The manufacture and origin of the Tutankhamen meteoritic iron dagger

1,2Takafumi Matsui,2Ryota Moriwaki,3Eissa Zidan,1Tomoko Arai
Meteoritics & Planetary Science (in Press) Link to Article [https://doi.org/10.1111/maps.13787]
1Planetary Exploration Research Center, Chiba Institute of Technology, 2-17-1, Tsudanuma, Narashino, Chiba, 275-0016 Japan
2Institute for Geo-Cosmology, Chiba Institute of Technology, 2-17-1, Tsudanuma, Narashino, Chiba, 275-0016 Japan
3Conservation Center, Grand Egyptian Museum, El Remayah Square, Cairo-Alex. Road, Pyramids, Giza Governorat, Egypt
Published by arrangement with John Wiley & Sons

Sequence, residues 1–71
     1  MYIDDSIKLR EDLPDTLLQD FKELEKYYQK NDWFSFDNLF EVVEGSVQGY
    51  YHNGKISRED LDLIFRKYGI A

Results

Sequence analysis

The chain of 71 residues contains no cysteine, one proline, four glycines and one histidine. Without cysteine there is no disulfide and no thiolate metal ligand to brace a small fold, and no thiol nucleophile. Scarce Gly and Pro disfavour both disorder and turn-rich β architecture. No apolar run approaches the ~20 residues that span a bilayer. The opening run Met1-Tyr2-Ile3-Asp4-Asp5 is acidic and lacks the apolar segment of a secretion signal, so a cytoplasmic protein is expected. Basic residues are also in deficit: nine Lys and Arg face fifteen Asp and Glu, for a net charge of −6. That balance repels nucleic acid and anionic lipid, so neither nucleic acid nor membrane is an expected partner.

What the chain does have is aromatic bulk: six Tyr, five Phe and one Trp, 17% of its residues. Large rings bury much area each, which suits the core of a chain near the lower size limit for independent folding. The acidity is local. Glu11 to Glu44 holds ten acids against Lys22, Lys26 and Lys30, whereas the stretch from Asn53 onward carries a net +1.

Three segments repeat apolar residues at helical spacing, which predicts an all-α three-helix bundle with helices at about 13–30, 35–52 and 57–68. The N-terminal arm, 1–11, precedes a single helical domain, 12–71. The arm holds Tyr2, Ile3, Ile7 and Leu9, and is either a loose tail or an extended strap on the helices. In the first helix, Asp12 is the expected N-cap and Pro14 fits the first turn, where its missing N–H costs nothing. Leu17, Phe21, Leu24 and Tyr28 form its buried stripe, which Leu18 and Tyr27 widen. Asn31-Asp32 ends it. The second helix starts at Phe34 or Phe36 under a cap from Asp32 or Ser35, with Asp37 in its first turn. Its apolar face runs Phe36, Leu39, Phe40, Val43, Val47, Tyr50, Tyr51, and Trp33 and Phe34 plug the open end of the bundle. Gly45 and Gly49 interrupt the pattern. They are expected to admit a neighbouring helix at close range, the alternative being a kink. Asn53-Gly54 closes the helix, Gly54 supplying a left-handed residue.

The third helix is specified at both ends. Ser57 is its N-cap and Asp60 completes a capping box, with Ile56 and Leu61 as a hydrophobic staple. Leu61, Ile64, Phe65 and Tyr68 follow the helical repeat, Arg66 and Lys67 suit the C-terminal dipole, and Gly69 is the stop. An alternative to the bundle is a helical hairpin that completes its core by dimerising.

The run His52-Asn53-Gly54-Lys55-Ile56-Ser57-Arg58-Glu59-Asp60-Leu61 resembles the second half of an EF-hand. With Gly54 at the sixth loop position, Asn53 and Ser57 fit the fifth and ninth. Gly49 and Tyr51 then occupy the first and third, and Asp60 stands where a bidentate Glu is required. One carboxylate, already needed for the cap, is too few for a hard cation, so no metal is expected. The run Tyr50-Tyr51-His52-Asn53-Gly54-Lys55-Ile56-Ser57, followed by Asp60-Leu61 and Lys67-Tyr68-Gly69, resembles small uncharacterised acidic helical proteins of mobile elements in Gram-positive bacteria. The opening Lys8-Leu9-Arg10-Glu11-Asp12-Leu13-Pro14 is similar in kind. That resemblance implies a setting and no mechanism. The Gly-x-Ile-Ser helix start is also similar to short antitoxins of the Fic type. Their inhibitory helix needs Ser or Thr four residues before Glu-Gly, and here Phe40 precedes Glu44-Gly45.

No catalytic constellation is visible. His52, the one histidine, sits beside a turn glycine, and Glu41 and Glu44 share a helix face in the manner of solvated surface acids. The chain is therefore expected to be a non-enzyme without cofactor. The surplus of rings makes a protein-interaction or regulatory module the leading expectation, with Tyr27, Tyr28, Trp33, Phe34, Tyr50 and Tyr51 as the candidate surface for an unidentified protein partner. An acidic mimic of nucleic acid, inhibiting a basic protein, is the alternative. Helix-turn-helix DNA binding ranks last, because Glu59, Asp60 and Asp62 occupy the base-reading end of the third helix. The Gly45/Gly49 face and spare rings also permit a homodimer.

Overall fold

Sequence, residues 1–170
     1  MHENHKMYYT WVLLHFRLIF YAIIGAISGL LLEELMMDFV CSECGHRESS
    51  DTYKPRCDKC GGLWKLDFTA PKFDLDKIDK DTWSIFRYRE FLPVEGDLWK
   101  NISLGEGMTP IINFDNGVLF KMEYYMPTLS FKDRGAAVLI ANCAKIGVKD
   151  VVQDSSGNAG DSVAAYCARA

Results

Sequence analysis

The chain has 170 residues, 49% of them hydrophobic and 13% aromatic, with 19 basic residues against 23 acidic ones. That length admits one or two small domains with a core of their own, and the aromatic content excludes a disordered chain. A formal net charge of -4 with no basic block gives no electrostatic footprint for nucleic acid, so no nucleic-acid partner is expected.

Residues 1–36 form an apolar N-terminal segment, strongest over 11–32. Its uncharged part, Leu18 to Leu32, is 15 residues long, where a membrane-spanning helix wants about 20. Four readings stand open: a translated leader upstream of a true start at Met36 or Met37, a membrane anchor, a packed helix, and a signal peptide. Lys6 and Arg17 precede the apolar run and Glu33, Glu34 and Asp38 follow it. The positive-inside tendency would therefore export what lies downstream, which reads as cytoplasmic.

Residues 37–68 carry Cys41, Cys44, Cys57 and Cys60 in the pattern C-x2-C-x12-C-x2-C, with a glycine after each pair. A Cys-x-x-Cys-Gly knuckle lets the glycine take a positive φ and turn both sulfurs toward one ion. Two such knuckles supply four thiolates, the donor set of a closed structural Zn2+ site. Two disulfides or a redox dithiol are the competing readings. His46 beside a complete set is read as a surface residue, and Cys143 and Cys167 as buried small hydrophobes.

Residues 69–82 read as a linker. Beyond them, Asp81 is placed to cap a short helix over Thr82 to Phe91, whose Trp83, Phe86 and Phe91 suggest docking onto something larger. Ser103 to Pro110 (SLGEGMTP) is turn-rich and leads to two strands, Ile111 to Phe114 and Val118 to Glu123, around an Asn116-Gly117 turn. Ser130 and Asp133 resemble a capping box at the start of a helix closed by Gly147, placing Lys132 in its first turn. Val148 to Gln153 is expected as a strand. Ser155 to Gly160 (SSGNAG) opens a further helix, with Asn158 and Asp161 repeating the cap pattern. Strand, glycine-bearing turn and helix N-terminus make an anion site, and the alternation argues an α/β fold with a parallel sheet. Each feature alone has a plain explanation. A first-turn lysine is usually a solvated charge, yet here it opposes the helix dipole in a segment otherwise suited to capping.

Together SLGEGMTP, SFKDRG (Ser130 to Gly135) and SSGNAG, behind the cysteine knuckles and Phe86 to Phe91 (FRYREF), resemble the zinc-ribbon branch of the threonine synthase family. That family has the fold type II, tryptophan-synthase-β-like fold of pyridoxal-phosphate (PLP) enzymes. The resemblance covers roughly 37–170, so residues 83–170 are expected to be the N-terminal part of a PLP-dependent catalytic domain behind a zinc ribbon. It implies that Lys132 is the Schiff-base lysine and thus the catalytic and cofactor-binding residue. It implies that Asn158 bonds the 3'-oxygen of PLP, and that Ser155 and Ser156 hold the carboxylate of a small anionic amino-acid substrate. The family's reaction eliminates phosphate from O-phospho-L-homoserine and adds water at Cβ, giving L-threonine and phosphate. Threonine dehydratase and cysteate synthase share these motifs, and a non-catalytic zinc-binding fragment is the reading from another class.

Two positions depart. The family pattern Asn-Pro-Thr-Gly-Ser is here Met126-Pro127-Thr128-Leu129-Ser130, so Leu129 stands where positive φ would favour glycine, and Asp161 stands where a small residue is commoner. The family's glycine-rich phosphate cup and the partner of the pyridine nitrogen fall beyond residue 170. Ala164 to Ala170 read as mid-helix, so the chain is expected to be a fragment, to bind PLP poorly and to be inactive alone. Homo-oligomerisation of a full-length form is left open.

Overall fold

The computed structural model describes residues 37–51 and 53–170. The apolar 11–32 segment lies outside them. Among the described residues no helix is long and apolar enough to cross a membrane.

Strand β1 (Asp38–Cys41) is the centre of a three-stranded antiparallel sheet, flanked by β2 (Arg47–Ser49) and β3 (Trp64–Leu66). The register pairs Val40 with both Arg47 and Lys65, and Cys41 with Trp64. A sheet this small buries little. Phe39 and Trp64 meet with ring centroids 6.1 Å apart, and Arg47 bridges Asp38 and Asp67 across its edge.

The Iron Age was the time when people acquired iron processing technology and is generally thought to have begun after 1200 B.C. Some prehistoric iron artifacts made of iron meteorites are dated from the Bronze Age. A nicely preserved meteoritic iron dagger was found in the tomb of King Tutankhamen (1361–1352 B.C.) of ancient Egypt. Yet, its manufacturing method and origin remain unclear. Here, we report nondestructive two-dimensional chemical analyses of the Tutankhamen iron dagger, conducted at the Egyptian Museum of Cairo. Elemental mapping of Ni on the dagger blade surface shows discontinuous banded arrangements in places with “cubic” symmetry and a bandwidth of about 1 mm, suggesting a Widmanstätten pattern. The intermediate Ni content (11.8 ± 0.5 wt%) with the presence of the Widmanstätten pattern implies the source meteorite of the dagger blade to be octahedrite. The randomly distributed sulfur-rich black spots are likely remnants of troilite (FeS) inclusions in iron meteorite. The preserved Widmanstätten pattern and remnant troilite inclusion show that the iron dagger was manufactured by low-temperature (<950 °C) forging. The gold hilt with a few percent of calcium lacking sulfur suggests the use of lime plaster instead of gypsum plaster as an adhesive material for decorations on the hilt. Since the use of lime plaster in Egypt started during the Ptolemaic period (305–30 B.C.), the Ca-bearing gold hilt hints at its foreign origin, possibly from Mitanni, Anatolia, as suggested by one of the Amarna letters saying that an iron dagger with gold hilt was gifted from the king of Mitanni to Amenhotep III, the grandfather of Tutankhamen.

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